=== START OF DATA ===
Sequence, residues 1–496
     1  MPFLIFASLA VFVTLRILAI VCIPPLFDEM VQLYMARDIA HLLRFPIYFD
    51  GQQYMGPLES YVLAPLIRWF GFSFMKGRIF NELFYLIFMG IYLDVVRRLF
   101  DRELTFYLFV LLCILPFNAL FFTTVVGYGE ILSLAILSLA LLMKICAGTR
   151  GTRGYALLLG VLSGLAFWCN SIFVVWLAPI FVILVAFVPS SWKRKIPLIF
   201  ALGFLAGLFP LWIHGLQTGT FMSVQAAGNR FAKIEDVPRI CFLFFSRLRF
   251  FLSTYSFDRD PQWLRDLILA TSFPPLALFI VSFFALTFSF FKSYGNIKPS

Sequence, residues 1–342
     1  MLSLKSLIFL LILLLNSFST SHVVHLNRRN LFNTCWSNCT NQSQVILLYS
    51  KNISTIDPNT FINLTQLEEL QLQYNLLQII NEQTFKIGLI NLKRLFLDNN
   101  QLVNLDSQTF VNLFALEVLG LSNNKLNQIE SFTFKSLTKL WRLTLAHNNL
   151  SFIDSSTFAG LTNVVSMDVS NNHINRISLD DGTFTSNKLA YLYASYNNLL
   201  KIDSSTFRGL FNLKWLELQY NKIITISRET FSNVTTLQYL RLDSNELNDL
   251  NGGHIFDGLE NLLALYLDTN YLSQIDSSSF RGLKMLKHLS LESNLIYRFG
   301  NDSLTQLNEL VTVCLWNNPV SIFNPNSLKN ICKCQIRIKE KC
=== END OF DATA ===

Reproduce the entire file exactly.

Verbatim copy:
Sequence, residues 1–496
     1  MPFLIFASLA VFVTLRILAI VCIPPLFDEM VQLYMARDIA HLLRFPIYFD
    51  GQQYMGPLES YVLAPLIRWF GFSFMKGRIF NELFYLIFMG IYLDVVRRLF
   101  DRELTFYLFV LLCILPFNAL FFTTVVGYGE ILSLAILSLA LLMKICAGTR
   151  GTRGYALLLG VLSGLAFWCN SIFVVWLAPI FVILVAFVPS SWKRKIPLIF
   201  ALGFLAGLFP LWIHGLQTGT FMSVQAAGNR FAKIEDVPRI CFLFFSRLRF
   251  FLSTYSFDRD PQWLRDLILA TSFPPLALFI VSFFALTFSF FKSYGNIKPS

Sequence, residues 1–342
     1  MLSLKSLIFL LILLLNSFST SHVVHLNRRN LFNTCWSNCT NQSQVILLYS
    51  KNISTIDPNT FINLTQLEEL QLQYNLLQII NEQTFKIGLI NLKRLFLDNN
   101  QLVNLDSQTF VNLFALEVLG LSNNKLNQIE SFTFKSLTKL WRLTLAHNNL
   151  SFIDSSTFAG LTNVVSMDVS NNHINRISLD DGTFTSNKLA YLYASYNNLL
   201  KIDSSTFRGL FNLKWLELQY NKIITISRET FSNVTTLQYL RLDSNELNDL
   251  NGGHIFDGLE NLLALYLDTN YLSQIDSSSF RGLKMLKHLS LESNLIYRFG
   301  NDSLTQLNEL VTVCLWNNPV SIFNPNSLKN ICKCQIRIKE KC